None of the above

In the 2018 mayoral election for Makassar, Indonesia, Munafri Arifuddin was the only candidate, won a quarter of a million votes, and lost.

Munafri Arifuddin
Munafri Arifuddin/KPU, Public domain, via Wikimedia Commons

Makassar is the fifth-largest city in Indonesia, with a population roughly the size of Auckland, New Zealand, or San Diego, USA (just the city, not the urban or metropolitan area). So, as you can imagine, the mayoralty of such a city is hotly contested.

In 2018, it looked like Munafri Arifuddin was a lock to win the election and become the mayor of Makassar. For one, he had the connections: his uncle was the reigning Vice President of Indonesia. For another, he had the support: 43 of the city council’s 50 seats were held by political parties that backed his own (the Golkar Party). For another, he had the money and the popularity: Arifuddin was in charge of Makassar’s professional football club. And, finally, he had a unique edge: he was the only candidate on the ballot.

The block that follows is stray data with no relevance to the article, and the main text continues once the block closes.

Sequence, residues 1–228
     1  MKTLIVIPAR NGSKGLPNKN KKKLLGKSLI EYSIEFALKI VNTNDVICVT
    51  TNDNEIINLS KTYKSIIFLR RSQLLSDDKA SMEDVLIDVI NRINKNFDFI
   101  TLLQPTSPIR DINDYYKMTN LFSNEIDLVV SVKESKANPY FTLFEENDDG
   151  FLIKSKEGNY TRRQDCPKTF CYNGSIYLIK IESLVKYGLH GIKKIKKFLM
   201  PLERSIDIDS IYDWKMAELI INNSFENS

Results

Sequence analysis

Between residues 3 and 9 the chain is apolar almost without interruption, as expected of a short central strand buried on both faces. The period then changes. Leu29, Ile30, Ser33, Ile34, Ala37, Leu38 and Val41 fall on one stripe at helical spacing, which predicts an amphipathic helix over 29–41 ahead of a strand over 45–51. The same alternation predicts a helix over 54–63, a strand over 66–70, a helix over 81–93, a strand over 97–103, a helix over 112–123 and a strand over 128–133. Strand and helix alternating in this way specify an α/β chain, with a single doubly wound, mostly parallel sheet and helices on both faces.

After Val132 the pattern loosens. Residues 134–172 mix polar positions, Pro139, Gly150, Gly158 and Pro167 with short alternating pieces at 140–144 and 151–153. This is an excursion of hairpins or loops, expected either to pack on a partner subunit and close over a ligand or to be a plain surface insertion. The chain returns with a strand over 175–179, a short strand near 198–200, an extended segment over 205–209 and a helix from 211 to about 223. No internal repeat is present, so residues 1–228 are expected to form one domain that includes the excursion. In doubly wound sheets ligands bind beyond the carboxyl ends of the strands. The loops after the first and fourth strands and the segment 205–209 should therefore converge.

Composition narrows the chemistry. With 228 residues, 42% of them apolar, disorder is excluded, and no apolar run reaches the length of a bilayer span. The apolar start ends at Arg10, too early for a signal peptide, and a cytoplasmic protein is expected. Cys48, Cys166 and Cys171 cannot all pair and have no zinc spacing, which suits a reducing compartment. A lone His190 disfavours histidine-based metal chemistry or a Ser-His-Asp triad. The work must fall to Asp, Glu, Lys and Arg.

The city’s mayor prior to that election, Mohammad Ramdhan Pomanto, tried to stand against Arifuddin. However, the local electoral commission disqualified Pomanto on a technicality (apparently he had given away some cellphones?), leaving Arifuddin without a competitor. Only one thing stood in Arifuddin’s way: he still had to win a plurality of the vote.

Arifuddin received 259,955 votes, nearly 47% of the votes cast. But the other 53%? They were blank, “none of the above” votes. The supporters of Pomanto had encouraged empty ballots as a way of protesting his disqualification, and those empty ballots outnumbered Arifuddin votes by more than 37,000. According to electoral law, Arifuddin had lost the election.

Following this astonishing upset, legal appeals flew around trying to nullify the “none of the above” vote… but to no avail. Arifuddin and Pomanto faced off in the 2020 election, and Pomanto won back the mayoralty with 41% of the votes.

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